I want to know particularly what the good chance is you propose to give me. I am doing tolerably well here. I get twenty-five dollars a month, with victuals and clothing; have a comfortable home for Mandy, — the folks call her Mrs. Anderson, — and the children — Milly, Jane, and Grundy — go to school and are learning well. The teacher says Grundy has a head for a preacher. They go to Sunday school, and Mandy and me attend church regularly. We are kindly treated. Sometimes we overhear others saying, ‘Them colored people were slaves’ down in Tennessee. The children feel hurt when they hear such remarks; but I tell them it was no disgrace in Tennessee to belong to Colonel Anderson. Many darkeys would have been proud, as I used to be, to call you master. Now if you will write and say what wages you will give me, I will be better able to decide whether it would be to my advantage to move back again.
As to my freedom, which you say I can have, there is nothing to be gained on that score, as I got my free papers in 1864 from the Provost-Marshal-General of the Department of Nashville. Mandy says she would be afraid to go back without some proof that you were disposed to treat us justly and kindly; and we have concluded to test your sincerity by asking you to send us our wages for the time we served you. This will make us forget and forgive old scores, and rely on your justice and friendship in the future. I served you faithfully for thirty-two years, and Mandy twenty years. At twenty-five dollars a month for me, and two dollars a week for Mandy, our earnings would amount to eleven thousand six hundred and eighty dollars. Add to this the interest for the time our wages have been kept back, and deduct what you paid for our clothing, and three doctor’s visits to me, and pulling a tooth for Mandy, and the balance will show what we are in justice entitled to. Please send the money by Adams’s Express, in care of V. Winters, Esq., Dayton, Ohio. If you fail to pay us for faithful labors in the past, we can have little faith in your promises in the future. We trust the good Maker has opened your eyes to the wrongs which you and your fathers have done to me and my fathers, in making us toil for you for generations without recompense. Here I draw my wages every Saturday night; but in Tennessee there was never any pay-day for the negroes any more than for the horses and cows. Surely there will be a day of reckoning for those who defraud the laborer of his hire.
In answering this letter, please state if there would be any safety for my Milly and Jane, who are now grown up, and both good-looking girls. You know how it was with poor Matilda and Catherine. I would rather stay here and starve — and die, if it come to that — than have my girls brought to shame by the violence and wickedness of their young masters. You will also please state if there has been any schools opened for the colored children in your neighborhood. The great desire of my life now is to give my children an education, and have them form virtuous habits.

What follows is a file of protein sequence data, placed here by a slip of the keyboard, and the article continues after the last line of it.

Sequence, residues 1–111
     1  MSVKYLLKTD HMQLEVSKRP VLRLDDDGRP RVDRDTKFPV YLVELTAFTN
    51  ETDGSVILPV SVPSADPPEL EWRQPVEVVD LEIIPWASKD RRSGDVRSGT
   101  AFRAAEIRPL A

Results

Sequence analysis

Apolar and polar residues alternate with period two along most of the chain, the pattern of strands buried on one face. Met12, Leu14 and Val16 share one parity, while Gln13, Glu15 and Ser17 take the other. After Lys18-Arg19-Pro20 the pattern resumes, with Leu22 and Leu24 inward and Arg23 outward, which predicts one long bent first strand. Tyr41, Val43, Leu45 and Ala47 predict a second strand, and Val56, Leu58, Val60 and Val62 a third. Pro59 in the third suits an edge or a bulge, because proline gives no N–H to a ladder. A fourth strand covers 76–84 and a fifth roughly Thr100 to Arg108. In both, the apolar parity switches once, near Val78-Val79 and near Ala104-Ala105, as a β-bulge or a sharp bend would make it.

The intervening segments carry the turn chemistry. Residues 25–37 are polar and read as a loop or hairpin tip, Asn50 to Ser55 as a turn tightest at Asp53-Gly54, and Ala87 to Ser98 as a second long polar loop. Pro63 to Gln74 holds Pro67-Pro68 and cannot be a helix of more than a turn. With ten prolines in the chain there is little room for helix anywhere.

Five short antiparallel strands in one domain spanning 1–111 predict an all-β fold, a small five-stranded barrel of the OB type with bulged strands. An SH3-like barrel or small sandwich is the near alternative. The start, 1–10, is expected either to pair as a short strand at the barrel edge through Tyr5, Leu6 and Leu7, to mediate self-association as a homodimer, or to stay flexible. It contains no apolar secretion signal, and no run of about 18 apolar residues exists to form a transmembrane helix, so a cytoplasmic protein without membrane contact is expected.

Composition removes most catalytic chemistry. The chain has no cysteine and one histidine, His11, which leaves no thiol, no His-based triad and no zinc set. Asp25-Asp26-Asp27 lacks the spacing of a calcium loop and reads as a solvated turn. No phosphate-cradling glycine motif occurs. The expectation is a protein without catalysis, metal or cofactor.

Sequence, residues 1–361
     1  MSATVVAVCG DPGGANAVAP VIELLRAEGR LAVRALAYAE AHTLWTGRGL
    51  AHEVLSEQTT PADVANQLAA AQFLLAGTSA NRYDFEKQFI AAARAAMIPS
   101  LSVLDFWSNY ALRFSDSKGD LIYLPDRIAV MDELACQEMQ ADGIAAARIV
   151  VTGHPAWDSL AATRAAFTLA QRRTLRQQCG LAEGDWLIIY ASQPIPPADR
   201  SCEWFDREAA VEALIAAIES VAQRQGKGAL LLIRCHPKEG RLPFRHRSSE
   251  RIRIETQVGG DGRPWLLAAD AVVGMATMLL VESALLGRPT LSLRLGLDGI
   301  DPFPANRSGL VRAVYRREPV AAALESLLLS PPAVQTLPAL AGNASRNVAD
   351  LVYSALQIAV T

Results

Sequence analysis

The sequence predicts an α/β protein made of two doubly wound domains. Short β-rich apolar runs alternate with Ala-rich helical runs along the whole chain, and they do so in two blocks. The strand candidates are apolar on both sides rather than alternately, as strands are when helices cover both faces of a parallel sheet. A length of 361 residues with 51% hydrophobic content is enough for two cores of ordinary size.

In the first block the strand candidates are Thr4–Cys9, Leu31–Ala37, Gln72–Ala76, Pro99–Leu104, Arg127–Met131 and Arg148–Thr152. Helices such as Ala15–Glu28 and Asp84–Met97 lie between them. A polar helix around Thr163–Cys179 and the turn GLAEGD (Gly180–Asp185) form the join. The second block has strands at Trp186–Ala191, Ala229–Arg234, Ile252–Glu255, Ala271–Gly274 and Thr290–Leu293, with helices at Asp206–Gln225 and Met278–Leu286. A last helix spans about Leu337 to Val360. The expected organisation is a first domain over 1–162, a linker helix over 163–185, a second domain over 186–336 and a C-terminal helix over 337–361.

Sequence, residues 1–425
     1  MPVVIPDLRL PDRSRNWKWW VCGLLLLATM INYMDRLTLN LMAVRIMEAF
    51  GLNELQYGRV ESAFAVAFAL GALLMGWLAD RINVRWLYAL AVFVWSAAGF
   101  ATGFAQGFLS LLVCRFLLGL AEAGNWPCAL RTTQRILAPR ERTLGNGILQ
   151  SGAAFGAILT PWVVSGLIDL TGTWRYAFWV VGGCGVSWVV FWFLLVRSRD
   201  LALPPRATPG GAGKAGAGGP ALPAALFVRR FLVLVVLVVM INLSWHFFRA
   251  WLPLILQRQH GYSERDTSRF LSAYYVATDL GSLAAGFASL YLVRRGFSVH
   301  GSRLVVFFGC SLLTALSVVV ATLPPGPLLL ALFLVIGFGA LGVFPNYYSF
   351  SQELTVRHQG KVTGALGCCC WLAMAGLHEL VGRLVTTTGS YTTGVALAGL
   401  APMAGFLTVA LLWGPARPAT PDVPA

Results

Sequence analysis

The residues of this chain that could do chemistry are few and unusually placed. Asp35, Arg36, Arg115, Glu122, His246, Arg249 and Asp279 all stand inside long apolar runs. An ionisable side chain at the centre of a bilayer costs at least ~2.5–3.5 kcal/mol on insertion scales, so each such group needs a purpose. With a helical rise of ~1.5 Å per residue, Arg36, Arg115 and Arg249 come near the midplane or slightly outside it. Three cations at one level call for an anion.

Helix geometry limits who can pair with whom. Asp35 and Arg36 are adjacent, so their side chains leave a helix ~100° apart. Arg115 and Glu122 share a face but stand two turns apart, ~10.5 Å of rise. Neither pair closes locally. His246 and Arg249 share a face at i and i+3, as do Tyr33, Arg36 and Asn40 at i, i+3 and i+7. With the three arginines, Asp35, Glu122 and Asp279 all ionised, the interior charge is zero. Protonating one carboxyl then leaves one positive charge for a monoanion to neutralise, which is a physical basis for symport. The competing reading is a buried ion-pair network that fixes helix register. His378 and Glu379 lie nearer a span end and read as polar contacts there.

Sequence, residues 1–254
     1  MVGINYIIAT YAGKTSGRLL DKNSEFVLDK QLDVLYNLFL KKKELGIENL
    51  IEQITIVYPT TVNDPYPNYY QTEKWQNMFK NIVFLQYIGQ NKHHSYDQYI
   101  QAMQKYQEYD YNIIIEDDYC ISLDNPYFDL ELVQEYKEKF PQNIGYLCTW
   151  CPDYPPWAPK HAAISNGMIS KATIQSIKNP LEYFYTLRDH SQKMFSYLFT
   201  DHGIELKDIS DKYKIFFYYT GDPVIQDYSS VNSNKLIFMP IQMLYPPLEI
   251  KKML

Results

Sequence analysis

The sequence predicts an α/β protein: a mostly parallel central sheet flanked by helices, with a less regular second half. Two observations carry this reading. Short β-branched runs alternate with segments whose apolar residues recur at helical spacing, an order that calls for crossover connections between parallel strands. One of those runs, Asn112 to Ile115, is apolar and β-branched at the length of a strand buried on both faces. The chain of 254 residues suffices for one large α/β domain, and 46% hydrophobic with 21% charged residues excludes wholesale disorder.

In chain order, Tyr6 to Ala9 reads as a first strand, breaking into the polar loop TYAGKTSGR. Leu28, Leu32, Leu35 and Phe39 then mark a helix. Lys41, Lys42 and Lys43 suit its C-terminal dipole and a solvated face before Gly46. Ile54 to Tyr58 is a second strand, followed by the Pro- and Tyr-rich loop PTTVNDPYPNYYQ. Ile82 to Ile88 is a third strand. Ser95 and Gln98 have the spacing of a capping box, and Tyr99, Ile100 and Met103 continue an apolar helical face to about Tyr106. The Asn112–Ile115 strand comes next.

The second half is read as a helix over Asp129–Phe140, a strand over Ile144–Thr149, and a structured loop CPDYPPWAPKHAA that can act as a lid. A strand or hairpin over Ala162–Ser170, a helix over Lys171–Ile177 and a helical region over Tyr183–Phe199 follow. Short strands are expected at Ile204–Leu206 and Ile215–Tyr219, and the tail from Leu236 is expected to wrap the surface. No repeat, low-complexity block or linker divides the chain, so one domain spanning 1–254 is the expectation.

Say howdy to George Carter, and thank him for taking the pistol from you when you were shooting at me.
From your old servant,
That’s Ronald Reagan, just before being shot by John Hinckley outside the Washington Hilton Hotel on March 30, 1981. The man in the white raincoat is Secret Service agent Jerry Parr; after the shooting, it was Parr who pushed Reagan into a limousine, noticed he was bleeding, and directed the driver to take them to a hospital, probably saving Reagan’s life.
Parr had been inspired to pursue his career by the 1939 film The Code of the Secret Service, in which dashing agent “Brass” Bancroft survives a shooting in Mexico. Bancroft was played by a 28-year-old Ronald Reagan.
In June 1744, the College of William & Mary invited the Indians of the Six Nations to send six young men to be “properly” educated. They received this reply:
We know that you highly esteem the kind of learning taught in those Colleges, and that the Maintenance of our young Men, while with you, would be very expensive to you. We are convinc’d, therefore, that you mean to do us Good by your Proposal; and we thank you heartily. But you, who are wise, must know that different Nations have different Conceptions of Things; and you will therefore not take it amiss if our Ideas of this kind of Education happen not to be the same with yours. We have had some Experience of it: Several of our young People were formerly brought up at the Colleges of the Northern Provinces; they were instructed in all your Sciences; but when they came back to us, they were bad Runners, ignorant of every means of living in the Woods, unable to bear either Cold or Hunger, knew neither how to build a Cabin, take a Deer, or kill an Enemy, spoke our Language imperfectly, were therefore neither fit for Hunters, Warriors, or Counsellors; they were totally good for nothing. We are, however, not the less oblig’d by your kind Offer, tho’ we decline accepting it; and, to show our grateful Sense of it, if the Gentlemen of Virginia will send us a Dozen of their Sons, we will take great Care of their Education, instruct them in all we know, and make Men of them.
A senior relief official during the Irish potato famine was named Edward Pine Coffin.